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A reminder to install CO detector from Coastal Health

If you’re burning wood, propane, gas, or other fossil fuels, make sure you have a carbon monoxide detector in your home.

Vancouver Coastal Health urges the public to ensure their detectors are working, as between 2018 to 2022, an average of 55 people visited a VCH emergency department annually due to CO poisoning.

“There are many simple steps people can take to reduce their risk of exposure to carbon monoxide,” said emergency and hyperbaric medicine physician Dr. Bruce Campana. “These include installing a carbon monoxide detector in your home and checking its batteries every year. If you live in a home with a furnace, ensure it is checked by an accredited professional annually. These simple actions can save the lives of you and your loved ones from a gas that is silent and relentless, and can result in fatal consequences.”

During the winter months, hospitals will usually see an increase of CO poisoning cases due to improperly ventilated appliances and engines— particularly in a tightly sealed or enclosed space— which allow the gas to accumulate to dangerous levels.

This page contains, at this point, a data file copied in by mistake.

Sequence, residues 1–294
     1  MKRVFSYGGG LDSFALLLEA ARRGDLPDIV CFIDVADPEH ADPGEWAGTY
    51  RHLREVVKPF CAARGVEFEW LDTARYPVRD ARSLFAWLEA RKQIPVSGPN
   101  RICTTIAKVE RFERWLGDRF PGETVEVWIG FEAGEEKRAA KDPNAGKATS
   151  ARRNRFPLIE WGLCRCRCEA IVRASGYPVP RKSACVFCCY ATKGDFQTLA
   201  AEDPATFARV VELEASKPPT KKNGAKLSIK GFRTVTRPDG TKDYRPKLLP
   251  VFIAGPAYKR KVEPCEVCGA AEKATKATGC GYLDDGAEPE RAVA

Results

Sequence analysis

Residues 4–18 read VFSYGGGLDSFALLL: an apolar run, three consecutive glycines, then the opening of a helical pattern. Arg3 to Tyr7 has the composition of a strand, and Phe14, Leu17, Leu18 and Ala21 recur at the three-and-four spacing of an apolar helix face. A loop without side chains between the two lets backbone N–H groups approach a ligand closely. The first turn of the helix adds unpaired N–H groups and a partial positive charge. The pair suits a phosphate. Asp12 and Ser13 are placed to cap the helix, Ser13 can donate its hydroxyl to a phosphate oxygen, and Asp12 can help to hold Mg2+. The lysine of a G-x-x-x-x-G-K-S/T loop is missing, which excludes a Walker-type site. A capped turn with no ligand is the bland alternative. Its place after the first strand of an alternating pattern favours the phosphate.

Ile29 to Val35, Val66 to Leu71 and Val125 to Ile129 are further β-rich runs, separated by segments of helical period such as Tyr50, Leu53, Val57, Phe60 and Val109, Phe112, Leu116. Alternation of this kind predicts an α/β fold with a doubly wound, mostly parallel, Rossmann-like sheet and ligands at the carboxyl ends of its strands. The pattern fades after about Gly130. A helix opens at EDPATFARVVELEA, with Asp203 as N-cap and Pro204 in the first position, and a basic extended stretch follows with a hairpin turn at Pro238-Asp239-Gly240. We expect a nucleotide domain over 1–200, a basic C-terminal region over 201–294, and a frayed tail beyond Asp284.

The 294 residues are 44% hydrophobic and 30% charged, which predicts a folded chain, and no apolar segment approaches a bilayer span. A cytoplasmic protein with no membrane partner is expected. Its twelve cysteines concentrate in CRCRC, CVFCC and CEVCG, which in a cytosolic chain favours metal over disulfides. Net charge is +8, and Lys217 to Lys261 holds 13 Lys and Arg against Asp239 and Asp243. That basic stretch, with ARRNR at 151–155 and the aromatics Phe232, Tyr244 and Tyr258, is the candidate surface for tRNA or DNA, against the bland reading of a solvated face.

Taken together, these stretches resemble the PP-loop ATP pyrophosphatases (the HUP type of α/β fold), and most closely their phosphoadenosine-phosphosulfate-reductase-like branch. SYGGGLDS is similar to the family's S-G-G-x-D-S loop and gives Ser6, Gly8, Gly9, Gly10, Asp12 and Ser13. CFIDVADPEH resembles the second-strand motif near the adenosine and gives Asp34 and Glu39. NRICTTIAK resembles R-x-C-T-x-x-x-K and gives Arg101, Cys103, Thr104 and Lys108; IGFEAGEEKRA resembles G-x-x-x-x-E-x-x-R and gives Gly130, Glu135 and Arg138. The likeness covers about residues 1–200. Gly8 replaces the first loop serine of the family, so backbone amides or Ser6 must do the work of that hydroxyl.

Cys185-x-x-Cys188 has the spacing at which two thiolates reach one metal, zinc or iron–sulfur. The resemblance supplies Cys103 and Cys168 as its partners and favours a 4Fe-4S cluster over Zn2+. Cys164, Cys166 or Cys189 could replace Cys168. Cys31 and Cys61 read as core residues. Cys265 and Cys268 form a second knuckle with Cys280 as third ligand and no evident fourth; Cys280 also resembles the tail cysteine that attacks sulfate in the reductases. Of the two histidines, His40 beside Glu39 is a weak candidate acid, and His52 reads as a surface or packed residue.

In 2020, healthcare provider Jessica Taschner and her partner went on vacation to a cabin with a propane-operated refrigerator. It exposed them to CO gas, and days later her mother called emergency services for support. Her partner passed due to the exposure, and she was rushed to the hospital in critical condition.

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“When travelling,” says Taschner, “know the signs and symptoms of carbon monoxide poisoning and always check if your rental has a detector. If there is no detector, then purchase one as a priority. They are so simple to use and could save a life. If you’re worried someone may have been exposed, always check on them by waking them to ensure they are conscious.”

More steps on how to protect your home and yourself from carbon monoxide poisoning is available here.

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